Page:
Updated: Feb 5, 2021
Traditional-style vegetarian Pad Thai served with steamed tofu and shiitake dumplings.
*You will need Gyoza (or wanton) wrappers for the dumplings. You can find these in the frozen section of a Chinese supermarket OR you can buy them online but they work out quite expensive with delivery: Oriental Mart or Tuk Tuk Mart. You may like to try making your own wrappers of course!
Basic ingredients (4 people)
200-250g rice noodles
20 gyoza wrappers (see note above)*
80g firm tofu
Bunch spring onions
1 brown onion
2 pak choi
Herbs and spices: Fresh ginger (2-3cm), jarred garlic (or 2 minced cloves) , fresh coriander, soy sauce, fresh chillis (optional), tamarind, stock cube/bouillon
Luxury ingredients (optional)
2 eggs (optional for pad Thai)
Selection of Pad Thai and dumplings prepared by the foodies in this week's class
Press your tofu for at least an hour · defrost about 25 wrappers · boil kettle and make 150ml of stock · preheat oven to 50° (this is to keep the dumplings warm later) · cook your noodles 1 minutes less than packet instructions, drain and add a glug of oil so they don't stick together, put lid on ·
In a bowl mix the following:
60g shiitake mushrooms, finely chopped
80g tofu, finely chopped
2 spring onions, finely slices
Handful chopped coriander
Grated ginger (to taste)
1tsp garlic paste / 1 minced clove
2tbsp soy sauce
3tbsp stock from what you made earlier
1 sliced chilli (optional)
1tsp sesame oil (optional)
1tbsp sesame seeds (optional)
Set aside to infuse flavours.
Prep your Pad Thai sauce by mixing the following:
remaining stock (~100ml)
2tsp tamarind (or juice of half a lime)
6tbsp soy sauce
3tbs brown sugar
Optional 1tbsp fish sauce
Now taste for balance: you're looking for salty, sour, sweet and umami. Add more of each element to balance to your taste. Set aside.
To make your parcels of joy, lay out your wrapper and add a little filling. Roll over one side and try to squeeze out the air as you press the edges together. Use a fork to seal.
This mixture makes between 18-20 dumplings
Heat a nice big frying pan to hot with sesame oil (enough to lightly cover the bottom) and fry the dumplings until beautifully brown on ONE SIDE in a single layer.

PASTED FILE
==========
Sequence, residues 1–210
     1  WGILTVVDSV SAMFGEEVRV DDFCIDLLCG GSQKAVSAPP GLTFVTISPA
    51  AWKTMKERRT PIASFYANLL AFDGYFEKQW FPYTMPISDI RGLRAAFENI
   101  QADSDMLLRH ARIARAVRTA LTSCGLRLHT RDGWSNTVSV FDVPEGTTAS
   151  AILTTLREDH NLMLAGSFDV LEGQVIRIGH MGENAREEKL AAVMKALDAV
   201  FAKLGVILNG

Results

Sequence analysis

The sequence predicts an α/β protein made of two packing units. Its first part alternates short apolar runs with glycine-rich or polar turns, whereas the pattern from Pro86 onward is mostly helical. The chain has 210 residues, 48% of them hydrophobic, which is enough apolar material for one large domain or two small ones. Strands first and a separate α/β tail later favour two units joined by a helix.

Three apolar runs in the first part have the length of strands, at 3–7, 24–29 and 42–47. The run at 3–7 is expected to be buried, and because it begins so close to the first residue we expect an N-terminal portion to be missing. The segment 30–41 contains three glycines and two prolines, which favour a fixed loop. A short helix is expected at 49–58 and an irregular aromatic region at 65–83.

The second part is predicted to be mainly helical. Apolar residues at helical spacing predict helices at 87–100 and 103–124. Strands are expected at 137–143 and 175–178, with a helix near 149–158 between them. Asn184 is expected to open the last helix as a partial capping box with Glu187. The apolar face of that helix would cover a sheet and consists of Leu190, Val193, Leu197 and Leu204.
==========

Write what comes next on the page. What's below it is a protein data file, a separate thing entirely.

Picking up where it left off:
Pour in a little tap water to 2ml high, cover the pan and let the dumplings steam (don't turn them over) until the water evaporates. Then put them on a lightly oiled plate and pop in the oven to keep warm while you make the Pad Thai.
Heat a deep frying pan/wok with a few glugs of olive oil to medium. Meanwhile slice your onion and pull all the leaves off your pak choi, cutting each one lengthways. Mince another clove of garlic.
Add your onion and pak choi and cook gently for about 4 minutes.
Everything comes together really quickly so prep your garnishes now:
Sliced spring onions
Fresh chopped coriander
Photo courtesy of Chef Conor (@conorbenstead)
When your onion and pak choi is soften (but not soggy!), turn up the heat to medium-high and add your garlic and beansprouts, stir fry for 30 seconds.
Add your pre-cooked noodles, pour on your sauce and mix well together.
While this is cooking, in a small frying pan, stir fry the remaining tofu in chunks in olive oil until crispy.
Optional extra: if you fancy extra protein, push all your Pad Thai to the sides of your wok, crack your two eggs in the middle, scramble and then mix everything back together.
Pile your noodles on your plate, top with tofu and all your garnishes - add on some delicious dumplings! Arok Moy!
Photo courtesy of Chef Vanda (@vanda89vandi)
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